THE Institute for Public Policy and Research (IPPR) has accused the Namibian government of failing to address loopholes in the fishing industry which led to the Fishrot scandal.
In their recent publication, the IPPR said the government is sitting with idle hands on any improvements after the allegations of the Fishrot fishing quotas fraud and corruption case.
This case involves 42 criminal charges, which include counts of fraud, bribery, corruption, racketeering, money laundering and tax evasion.
“Three years after Fishrot was exposed, nothing has been done to end the secrecy that enabled the corruption scandal to take place,” the IPPR stated.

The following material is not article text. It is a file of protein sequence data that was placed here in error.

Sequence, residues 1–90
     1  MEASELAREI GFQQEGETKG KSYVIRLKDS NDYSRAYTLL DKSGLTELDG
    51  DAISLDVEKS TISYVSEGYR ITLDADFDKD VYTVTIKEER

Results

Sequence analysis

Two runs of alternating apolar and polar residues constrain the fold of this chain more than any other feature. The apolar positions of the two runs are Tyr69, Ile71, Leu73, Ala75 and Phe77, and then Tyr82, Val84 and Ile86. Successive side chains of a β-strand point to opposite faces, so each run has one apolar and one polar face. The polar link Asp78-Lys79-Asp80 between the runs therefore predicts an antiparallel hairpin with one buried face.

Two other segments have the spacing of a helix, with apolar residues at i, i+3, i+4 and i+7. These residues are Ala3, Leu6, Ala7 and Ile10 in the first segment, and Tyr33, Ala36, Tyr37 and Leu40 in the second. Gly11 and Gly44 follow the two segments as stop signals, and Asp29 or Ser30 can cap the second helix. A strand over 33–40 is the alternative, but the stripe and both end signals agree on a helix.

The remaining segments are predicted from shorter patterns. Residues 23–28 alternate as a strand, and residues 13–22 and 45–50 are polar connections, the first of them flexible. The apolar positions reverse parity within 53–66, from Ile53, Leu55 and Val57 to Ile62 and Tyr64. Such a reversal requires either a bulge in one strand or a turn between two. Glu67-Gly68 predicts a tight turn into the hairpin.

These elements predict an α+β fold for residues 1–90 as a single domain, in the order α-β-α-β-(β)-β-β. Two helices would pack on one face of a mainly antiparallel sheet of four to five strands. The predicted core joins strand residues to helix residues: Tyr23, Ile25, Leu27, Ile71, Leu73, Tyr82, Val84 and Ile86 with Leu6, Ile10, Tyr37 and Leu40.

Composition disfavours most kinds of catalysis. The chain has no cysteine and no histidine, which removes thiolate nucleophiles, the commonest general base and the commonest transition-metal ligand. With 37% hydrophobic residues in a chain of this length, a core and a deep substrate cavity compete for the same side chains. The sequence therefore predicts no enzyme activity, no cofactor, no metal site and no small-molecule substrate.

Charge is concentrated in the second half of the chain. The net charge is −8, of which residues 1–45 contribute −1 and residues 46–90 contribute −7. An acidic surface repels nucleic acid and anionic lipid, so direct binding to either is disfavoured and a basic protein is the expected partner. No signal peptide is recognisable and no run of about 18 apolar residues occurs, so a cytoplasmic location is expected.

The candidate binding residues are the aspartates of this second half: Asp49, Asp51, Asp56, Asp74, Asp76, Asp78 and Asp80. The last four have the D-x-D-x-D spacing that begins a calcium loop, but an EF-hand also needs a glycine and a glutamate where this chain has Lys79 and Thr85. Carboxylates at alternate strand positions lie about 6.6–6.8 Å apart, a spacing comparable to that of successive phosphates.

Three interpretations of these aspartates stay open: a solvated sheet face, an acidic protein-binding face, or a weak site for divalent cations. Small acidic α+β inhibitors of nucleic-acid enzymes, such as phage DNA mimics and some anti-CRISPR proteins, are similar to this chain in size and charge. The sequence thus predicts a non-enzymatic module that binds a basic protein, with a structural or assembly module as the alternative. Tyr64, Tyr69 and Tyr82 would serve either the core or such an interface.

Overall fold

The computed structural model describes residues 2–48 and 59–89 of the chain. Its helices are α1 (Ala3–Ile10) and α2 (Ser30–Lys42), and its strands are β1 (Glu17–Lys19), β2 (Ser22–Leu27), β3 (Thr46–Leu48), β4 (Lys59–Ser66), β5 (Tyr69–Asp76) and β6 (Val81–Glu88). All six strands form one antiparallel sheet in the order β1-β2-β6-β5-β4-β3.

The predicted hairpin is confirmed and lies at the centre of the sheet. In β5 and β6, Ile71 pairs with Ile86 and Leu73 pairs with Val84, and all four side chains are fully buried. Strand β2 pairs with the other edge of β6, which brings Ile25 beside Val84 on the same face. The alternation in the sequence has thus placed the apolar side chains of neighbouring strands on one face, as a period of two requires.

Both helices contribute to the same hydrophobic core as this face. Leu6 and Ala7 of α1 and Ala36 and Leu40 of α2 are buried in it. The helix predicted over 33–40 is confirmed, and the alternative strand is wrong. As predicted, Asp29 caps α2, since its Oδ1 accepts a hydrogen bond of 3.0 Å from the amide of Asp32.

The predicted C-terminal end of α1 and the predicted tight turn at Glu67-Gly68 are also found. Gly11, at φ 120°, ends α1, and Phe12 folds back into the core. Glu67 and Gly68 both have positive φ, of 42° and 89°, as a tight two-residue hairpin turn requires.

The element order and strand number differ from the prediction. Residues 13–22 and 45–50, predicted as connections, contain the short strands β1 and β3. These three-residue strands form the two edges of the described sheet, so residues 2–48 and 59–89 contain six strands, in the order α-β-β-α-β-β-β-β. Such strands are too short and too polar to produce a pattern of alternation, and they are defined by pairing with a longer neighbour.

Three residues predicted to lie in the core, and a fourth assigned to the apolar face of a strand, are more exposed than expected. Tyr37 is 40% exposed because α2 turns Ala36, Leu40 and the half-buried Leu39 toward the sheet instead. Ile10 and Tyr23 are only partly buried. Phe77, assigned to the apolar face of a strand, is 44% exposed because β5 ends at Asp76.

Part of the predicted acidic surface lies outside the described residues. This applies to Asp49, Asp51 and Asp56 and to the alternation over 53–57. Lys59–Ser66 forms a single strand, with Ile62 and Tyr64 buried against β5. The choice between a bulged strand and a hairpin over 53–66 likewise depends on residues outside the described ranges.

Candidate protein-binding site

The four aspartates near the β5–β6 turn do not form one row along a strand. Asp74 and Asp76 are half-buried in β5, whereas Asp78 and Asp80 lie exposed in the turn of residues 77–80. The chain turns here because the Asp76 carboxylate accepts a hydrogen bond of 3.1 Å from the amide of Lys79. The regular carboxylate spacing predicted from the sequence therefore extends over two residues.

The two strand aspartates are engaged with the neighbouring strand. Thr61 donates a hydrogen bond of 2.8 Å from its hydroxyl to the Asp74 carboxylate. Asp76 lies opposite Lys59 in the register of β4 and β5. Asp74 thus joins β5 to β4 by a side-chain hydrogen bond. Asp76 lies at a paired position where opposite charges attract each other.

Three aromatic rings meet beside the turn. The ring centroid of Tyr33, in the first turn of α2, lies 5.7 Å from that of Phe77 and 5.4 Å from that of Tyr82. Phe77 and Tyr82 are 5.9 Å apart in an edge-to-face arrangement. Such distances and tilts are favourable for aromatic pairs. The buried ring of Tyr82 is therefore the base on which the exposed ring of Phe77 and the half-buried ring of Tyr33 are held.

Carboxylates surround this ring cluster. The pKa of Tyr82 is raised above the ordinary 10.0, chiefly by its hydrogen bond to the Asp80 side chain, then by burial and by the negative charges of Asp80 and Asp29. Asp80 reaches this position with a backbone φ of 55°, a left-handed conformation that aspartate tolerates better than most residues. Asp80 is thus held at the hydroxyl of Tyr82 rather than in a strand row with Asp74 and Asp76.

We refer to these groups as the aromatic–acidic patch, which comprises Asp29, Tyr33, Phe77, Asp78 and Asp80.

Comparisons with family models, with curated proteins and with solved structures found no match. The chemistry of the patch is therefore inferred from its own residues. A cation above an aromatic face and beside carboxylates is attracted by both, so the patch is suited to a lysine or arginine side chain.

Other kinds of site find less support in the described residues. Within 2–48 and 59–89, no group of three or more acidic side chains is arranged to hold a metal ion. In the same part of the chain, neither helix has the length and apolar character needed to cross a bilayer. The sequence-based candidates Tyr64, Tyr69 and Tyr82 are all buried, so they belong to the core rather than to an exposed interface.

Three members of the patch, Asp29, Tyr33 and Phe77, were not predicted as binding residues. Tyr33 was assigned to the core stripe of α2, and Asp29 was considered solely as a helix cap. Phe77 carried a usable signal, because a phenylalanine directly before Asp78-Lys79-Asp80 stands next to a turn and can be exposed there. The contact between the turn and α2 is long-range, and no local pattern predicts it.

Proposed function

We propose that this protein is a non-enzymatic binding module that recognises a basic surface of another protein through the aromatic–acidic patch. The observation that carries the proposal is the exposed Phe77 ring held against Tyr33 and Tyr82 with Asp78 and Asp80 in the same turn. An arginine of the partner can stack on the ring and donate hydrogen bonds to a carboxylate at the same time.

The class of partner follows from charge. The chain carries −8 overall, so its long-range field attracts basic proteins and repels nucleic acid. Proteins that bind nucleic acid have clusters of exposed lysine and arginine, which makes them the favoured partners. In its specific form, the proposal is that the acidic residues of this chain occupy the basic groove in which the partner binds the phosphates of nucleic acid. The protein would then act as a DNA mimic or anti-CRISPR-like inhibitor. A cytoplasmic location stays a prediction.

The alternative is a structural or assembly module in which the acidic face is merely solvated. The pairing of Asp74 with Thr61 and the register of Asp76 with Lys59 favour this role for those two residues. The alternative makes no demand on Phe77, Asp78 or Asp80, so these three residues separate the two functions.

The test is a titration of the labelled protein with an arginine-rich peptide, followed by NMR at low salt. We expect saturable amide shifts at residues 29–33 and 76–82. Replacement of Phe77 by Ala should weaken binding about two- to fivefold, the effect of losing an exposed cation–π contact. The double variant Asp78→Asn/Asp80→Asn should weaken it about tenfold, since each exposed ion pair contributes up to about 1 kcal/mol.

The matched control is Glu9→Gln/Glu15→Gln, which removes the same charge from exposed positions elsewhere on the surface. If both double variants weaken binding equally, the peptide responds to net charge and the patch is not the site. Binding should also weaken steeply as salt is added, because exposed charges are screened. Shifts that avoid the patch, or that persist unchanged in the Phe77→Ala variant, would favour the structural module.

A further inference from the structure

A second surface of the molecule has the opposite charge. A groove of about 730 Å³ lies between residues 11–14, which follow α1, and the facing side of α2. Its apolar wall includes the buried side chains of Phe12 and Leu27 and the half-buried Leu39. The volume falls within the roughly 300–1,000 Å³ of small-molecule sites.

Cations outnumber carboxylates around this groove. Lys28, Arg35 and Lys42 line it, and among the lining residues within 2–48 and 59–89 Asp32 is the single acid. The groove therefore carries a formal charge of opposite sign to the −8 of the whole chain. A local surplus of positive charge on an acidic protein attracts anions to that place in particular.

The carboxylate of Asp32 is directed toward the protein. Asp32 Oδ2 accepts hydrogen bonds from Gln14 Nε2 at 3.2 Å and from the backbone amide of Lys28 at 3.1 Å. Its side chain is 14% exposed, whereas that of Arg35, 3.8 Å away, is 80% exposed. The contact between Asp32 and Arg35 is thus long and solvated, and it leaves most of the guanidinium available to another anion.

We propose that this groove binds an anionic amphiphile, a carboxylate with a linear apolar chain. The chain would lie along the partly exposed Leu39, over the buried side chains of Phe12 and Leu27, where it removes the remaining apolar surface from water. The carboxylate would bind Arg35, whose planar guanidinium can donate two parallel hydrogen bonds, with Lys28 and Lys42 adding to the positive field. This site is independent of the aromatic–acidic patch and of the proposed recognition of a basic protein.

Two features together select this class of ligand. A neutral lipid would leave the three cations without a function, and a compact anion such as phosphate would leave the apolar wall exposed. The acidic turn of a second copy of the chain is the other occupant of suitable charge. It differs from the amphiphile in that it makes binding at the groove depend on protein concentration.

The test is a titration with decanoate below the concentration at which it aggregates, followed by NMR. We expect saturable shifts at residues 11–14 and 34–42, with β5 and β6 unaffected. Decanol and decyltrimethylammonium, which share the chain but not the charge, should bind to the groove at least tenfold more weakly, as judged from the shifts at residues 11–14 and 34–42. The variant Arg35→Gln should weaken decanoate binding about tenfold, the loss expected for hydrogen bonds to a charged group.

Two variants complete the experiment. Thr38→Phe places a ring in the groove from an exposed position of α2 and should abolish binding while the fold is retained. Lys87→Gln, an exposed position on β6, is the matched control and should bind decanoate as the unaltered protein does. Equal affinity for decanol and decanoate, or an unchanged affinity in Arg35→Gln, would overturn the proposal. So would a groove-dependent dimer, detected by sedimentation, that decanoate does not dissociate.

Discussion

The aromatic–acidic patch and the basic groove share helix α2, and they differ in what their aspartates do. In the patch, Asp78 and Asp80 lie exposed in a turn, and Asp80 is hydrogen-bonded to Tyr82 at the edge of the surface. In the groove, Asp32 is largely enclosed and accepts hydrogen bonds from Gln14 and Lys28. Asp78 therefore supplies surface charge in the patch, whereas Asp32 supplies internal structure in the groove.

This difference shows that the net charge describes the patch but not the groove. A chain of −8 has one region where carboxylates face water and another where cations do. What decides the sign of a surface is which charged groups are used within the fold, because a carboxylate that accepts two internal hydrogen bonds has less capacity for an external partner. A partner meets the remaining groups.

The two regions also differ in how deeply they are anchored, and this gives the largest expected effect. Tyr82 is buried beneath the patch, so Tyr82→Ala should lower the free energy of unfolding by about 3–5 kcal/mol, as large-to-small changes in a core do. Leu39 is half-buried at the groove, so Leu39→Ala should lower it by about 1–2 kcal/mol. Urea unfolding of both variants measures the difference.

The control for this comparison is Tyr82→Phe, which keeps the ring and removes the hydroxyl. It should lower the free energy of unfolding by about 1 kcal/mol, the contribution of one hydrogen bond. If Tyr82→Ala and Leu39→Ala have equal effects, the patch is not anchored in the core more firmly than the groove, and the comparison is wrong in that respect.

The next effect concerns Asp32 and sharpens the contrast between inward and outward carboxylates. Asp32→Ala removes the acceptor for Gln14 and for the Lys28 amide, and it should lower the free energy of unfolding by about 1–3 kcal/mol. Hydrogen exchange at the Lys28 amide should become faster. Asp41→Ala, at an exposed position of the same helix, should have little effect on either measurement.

The IPPR wants more transparency in the fisheries sector, including publication of all rights, licences, and quota details, inclusive of beneficial ownership information.
“In addition, it calls for the urgent amendment of the Marine Resources Act to remove the minister’s discretionary power and introduce transparency measures,” said the IPPR.
This provision gives the fisheries minister power to allocate fishing quotas.
“The government will follow through on the commitments made in the Harambee Prosperity Plan II and National Anti-Corruption Strategy and Action Plan on aligning laws and practices with the standards of the Extractive Industries Transparency Initiative on transparency.
“This means moving towards open contracting and introducing beneficial ownership registers,” the IPPR said.